The family story was that he'd been born into some aristocracy in Poland. As a young man he'd come into his inheritance and taken it and gone to Paris, where he'd squandered it. He somehow got on a ship to America, and later met my grandmother and married her. That romantic narrative was my favorite family story. It was always told in a hushed, almost religious, tone that implied some sort of tragedy, the squandering, but also respect: Here he was, painting his marvelous pictures. I adored him. I knew no one like him. The other men in my family were truck-drivers or bus drivers or factory workers. The women were wives who stayed at home. In my eyes he was exotic. Heroic. He died when I was eight.

SS: Anyone else steer you towards new art?

MJB
: In high school I had a friend who came from a very cultured family. Her mother was a librarian and there were New Yorker magazines stacked on her bedside table, art on the walls. I went to the St. Louis Art Museum with her and as we walked through rooms, she talked about the art in a way that fascinated me. She explained what the artist was trying to do. And why he or she did what they did. It had never occurred to me that there might be those sorts of complicated intentions behind art. I had naively assumed that each artist acted alone and I judged a painting by whether it pleased me. Good art was what pleased me. I was confused by someone like Mondrian, for example. I couldn't understand why someone would paint like that. What was the point? Now I began to comprehend that there could be cultural motivations for individual artistic decisions. I began to read about art and I took an art history class in high school. I initially majored in art history in college but later changed, during the tumultuous Sixties, to sociology.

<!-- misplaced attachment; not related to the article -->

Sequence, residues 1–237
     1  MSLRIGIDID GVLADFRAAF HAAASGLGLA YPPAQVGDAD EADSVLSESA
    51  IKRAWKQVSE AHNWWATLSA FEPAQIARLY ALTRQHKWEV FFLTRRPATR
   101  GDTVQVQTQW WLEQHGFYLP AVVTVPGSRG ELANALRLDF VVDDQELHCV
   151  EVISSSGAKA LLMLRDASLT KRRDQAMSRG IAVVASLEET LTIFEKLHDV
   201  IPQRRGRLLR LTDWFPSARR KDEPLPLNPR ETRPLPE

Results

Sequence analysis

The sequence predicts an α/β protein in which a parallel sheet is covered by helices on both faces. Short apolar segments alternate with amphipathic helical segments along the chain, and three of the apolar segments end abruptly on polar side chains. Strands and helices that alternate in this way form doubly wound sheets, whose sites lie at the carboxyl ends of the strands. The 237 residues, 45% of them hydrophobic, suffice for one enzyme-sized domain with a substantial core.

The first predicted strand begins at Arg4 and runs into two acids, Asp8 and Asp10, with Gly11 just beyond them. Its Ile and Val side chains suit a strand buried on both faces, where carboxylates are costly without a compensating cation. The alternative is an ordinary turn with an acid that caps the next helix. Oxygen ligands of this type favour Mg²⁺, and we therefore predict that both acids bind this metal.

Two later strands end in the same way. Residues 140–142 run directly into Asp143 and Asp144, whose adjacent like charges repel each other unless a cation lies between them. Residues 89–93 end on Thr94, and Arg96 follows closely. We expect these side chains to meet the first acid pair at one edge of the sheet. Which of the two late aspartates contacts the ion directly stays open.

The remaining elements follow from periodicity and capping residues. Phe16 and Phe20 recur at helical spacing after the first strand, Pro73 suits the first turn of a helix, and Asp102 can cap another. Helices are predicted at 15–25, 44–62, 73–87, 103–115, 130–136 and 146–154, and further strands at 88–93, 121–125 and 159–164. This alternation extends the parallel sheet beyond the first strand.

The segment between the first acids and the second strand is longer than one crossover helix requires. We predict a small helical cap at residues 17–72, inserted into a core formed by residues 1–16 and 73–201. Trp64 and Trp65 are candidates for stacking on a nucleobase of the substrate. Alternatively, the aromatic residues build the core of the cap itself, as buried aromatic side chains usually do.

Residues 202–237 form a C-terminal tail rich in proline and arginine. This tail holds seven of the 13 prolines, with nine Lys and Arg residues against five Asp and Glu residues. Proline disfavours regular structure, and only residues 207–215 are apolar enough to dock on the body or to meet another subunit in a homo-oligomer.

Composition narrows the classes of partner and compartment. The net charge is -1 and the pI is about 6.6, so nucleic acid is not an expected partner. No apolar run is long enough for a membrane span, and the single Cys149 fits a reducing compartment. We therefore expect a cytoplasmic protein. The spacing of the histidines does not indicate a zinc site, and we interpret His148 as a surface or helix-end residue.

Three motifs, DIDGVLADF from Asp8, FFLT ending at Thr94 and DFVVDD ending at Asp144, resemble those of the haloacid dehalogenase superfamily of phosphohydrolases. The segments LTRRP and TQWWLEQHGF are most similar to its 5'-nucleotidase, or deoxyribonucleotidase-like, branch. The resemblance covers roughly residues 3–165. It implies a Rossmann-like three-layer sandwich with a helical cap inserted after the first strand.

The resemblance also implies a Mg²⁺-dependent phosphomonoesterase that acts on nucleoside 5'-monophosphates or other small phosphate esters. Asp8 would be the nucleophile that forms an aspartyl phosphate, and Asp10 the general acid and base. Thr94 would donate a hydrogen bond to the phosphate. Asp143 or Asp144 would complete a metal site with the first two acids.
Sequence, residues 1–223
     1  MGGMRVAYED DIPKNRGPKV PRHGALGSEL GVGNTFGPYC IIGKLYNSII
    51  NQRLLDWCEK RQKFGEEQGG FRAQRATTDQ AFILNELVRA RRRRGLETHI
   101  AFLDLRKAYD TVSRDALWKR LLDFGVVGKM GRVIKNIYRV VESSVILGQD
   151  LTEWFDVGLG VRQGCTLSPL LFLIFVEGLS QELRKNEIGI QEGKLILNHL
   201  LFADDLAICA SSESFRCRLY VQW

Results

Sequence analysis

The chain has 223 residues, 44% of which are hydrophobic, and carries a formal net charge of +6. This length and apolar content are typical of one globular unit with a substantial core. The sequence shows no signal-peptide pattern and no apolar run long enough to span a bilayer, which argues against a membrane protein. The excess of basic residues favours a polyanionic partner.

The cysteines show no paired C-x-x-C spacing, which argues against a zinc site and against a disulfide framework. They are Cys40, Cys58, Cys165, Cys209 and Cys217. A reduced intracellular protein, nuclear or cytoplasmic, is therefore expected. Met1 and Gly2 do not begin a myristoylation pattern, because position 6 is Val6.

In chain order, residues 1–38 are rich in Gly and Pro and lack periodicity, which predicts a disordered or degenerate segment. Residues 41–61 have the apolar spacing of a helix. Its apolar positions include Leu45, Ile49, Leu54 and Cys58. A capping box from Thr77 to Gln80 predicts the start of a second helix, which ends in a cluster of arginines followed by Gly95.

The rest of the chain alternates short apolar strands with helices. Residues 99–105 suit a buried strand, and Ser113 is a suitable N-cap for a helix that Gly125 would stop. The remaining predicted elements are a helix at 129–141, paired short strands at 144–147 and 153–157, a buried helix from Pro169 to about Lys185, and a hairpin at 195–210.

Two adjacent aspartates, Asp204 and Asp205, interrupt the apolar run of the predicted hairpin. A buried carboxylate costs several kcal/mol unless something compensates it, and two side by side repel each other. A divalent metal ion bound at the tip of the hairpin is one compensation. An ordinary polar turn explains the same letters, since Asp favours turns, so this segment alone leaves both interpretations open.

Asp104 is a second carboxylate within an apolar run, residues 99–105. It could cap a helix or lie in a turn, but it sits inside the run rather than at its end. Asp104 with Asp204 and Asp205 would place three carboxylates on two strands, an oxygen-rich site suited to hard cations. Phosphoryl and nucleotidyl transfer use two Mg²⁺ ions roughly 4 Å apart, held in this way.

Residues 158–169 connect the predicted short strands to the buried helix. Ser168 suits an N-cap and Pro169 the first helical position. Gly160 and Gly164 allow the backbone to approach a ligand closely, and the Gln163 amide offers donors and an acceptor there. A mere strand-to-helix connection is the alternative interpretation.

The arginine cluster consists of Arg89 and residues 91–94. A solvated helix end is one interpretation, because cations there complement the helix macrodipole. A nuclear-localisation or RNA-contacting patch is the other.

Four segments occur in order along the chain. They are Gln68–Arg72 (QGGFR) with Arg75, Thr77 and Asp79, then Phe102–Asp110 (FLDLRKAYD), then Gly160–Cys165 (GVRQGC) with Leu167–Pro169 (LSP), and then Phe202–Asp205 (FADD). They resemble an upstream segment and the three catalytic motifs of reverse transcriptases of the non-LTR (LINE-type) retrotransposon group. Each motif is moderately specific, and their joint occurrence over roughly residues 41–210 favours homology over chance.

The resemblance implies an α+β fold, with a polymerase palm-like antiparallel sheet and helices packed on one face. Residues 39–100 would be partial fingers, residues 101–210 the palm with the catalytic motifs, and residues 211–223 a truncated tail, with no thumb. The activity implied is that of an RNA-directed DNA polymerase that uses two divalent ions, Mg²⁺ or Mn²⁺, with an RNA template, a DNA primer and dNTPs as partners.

SS: I find it interesting that two incredibly different people showed you new ways of thinking as an artist, or living as one. Are there people who, in your adult life, have also instigated these large shifts in how you see the process of making art?

MJB: When I first began to study photography at the School of the Art Institute in Chicago, my instructor Kenneth Josephson was very influential. I was taken by the way he called attention to the various layers of reality: the real and the idealized real. One of his best-known images is a photograph of an outstretched arm with a hand holding a postcard of a ship at the horizon line where a body of real water meets a real blank sky. … Traditionally photography allows us to forget the photographer's hand, but of course it's there. Photography is a form of manipulation. The frozen moment is an illusion. He changed my way of thinking about art. In some ways that was the beginning of a particular sensitivity that continues to this day. It took me a while to understand that text could do the same thing; once I did understand it, it changed what I wrote.